"Margin loans at high levels, client cash at low levels and account holders at the firm logging in frequently."
If you didn't know any better, you might think the above is yet another example of someone describing one of the dynamics driving China's self-feeding equity mania. After all, the country's "world-beating" rally has everyone from housewives to banana vendors opening stock trading accounts by the millions while piling on margin debt and trading so often that the computers tracking volume literally give up and shut themselves down.
Alas, the quote featured above is actually from TD Ameritrade CEO Fred Tomczyk and he's describing America's own legion of day-trading BTFDers who are apparently all-in at just the wrong time:
A broad look at the 6.5 million customer accounts at TD Ameritrade indicates that retail investors are "pretty fully invested" in stocks, the online brokerage's CEO said Thursday.
Fred Tomczyk cited several signs of this: margin loans at high levels, client cash at low levels and account holders at the firm logging in frequently. "It's usually a good indication that people are very engaged in the markets and watching their investments closely," he said on CNBC's " Squawk Box ."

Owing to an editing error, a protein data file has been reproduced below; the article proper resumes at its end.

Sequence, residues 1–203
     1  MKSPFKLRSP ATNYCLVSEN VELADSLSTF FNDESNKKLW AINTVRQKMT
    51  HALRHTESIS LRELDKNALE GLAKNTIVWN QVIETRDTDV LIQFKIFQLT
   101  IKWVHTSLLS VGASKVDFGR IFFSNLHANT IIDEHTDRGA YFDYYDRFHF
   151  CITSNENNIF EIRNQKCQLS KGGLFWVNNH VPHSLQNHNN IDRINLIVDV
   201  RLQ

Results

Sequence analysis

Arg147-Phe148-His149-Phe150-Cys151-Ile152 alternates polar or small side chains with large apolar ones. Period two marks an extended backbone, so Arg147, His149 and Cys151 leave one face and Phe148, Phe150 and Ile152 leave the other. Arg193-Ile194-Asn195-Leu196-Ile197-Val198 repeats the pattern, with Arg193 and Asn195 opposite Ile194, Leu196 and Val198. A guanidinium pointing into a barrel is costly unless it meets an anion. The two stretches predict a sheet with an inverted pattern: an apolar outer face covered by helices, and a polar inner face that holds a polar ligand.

But Tomczyk acknowledged the potential pitfalls of these trends and what they may portend for stocks. "I wouldn't be surprised if we have a correction here. We've had six [or] 6½ years of up markets here."
Ultimately then, the greater fool theory of investing whereby it doesn't matter how much you pay as long as the next guy is willing to pay more — the same greater fool theory of investing that China's regulators have warned has taken hold in Chinese stocks — may have just run out of fools, but we suspect that's fine as long as price-insensitive corporate management teams can issue new debt and plow the proceeds back into their own stock.